I assured parents that these screening activities are simply to help us as a school learn about their child, which they are, but they are also a blaring reality that there are great discrepancies in the 0-5 years of life. Again, this is likely not a secret to anyone, but for me, this was an eye-opening event due to the ability to see results back-to-back-to-back throughout the day. As a former 5th grade teacher, I typically saw the results of "the gap" after 5 years of schooling, but never truly thinking about how they got there. I had students reading novels in 5th grade and students still learning to decode words, never thinking that this "trajectory" really started well before they ever stepped into the school.

I'm not saying I have the answer or the fix, though I truly believe an increase in free Pre-K starting at 3 wouldn't hurt, but I had a personal learning experience this past week that I will continue to focus on as a principal and look for ways that we can increase early educational experiences for our families. But more importantly, making sure that we provide resources for those who need help the most early on when they enter my school doors.

Moore also had a great time with our visit from my dear friends Wade and Hope King this past week! My staff was treated to excellent model lessons, workshops, and conversation with these two great educators. I had a number of staff thank me afterwards for bringing the Kings to Moore, but I said the biggest thank you will be for you to bring the ideas back into your classroom! That's why it was great seeing one of my kindergarten classrooms this week transforming her classroom into a race track!

Sunday, April 15, 2018

Inside the Trenches of the Principal: Week 37

It was our first week back from Spring Break this week and we got to surprise the kids with a beautiful new mural that a group of us worked on over break. I'm appreciative to have staff members talented and willing enough to come in and make "magic" happen over a break! The kids' faces and reactions on Monday made it all worth it! We have at least one hallway now that is that much brighter!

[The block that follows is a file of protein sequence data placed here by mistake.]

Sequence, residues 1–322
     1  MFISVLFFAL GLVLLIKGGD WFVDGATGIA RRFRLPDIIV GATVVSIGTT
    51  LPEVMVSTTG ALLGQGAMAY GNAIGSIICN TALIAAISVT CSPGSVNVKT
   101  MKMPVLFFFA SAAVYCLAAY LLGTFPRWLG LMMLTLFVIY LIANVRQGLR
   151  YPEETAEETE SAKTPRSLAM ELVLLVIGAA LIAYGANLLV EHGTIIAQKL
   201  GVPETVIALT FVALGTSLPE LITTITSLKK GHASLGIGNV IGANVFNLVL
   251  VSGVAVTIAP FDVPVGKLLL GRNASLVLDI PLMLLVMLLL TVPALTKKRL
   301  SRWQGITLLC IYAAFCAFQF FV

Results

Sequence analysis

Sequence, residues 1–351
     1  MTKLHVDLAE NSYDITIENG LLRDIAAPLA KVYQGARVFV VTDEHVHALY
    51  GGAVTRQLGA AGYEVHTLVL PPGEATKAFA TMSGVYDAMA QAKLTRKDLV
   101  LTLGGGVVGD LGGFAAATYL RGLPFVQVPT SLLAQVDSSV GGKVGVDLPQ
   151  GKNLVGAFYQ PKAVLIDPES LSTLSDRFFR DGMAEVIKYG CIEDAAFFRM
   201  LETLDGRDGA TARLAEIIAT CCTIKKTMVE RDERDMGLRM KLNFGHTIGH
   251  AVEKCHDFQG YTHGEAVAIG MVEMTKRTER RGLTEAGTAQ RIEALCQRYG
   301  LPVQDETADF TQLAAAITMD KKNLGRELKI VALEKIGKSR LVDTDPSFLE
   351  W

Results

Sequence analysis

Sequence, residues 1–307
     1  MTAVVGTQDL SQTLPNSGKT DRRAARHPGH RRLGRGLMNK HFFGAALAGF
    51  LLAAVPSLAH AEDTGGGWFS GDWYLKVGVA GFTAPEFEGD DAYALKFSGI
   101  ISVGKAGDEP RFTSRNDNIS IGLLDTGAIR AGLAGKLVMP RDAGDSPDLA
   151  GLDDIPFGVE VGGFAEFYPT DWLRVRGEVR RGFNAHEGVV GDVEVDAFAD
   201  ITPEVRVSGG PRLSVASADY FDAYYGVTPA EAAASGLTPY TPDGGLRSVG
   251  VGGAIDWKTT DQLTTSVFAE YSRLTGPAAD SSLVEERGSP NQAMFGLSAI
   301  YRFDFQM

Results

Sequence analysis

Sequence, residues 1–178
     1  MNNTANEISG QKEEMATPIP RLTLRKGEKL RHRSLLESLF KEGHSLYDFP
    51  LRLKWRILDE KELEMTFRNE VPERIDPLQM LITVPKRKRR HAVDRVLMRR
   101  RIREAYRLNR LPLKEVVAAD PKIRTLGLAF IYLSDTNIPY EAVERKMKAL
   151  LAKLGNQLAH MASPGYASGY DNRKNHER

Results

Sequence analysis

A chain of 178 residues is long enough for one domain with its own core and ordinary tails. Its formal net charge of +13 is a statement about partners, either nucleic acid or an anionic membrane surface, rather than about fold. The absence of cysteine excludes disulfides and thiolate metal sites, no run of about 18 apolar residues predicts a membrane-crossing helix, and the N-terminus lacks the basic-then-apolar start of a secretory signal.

We had a great visit on Friday from my friend and presenting colleague, LaNesha Tabb, to Moore. She taught lessons in K, 2nd, and 5th grade, showing off her passion and talents in social studies. Culture was an overriding theme throughout each of the lessons, and she was able to show that through strong story-telling, research, and high expectations, we can make social studies relevant and prominent in elementary schools. Discussing culture, I believe, is more relevant than ever, and opening our students' eyes at a young age to different types of people is essential for a more successful future.

On Monday, Moore will be visited by two more of my good friends, Wade and Hope King, as we continue to push quality professional development and transform and rethink what our teaching can look like. My strategic plan for my first year as principal was to ensure that my staff was provided with opportunities to witness and experience professional development that pushed them. Throughout the year, I have tried my best to give anyone who has asked the chance to attend professional developments that will further their abilities to be a great teacher.  During my administrative license program I did a research project/paper on professional development, and to no surprise, it showed that schools that put an emphasis on quality, on-going professional development with a strategic focus yielded higher results in testing, retention, and working conditions.

The returns this year on PD have been noticeable: I have had teachers transform their rooms, add rigor to their lessons, include chants/cheers, music, debate, and more. As I move into next year, and have the ability to hire new staff to Moore, I'm looking for teachers who are excited about the change that we have going on at Moore and are "bought in" to what we are doing.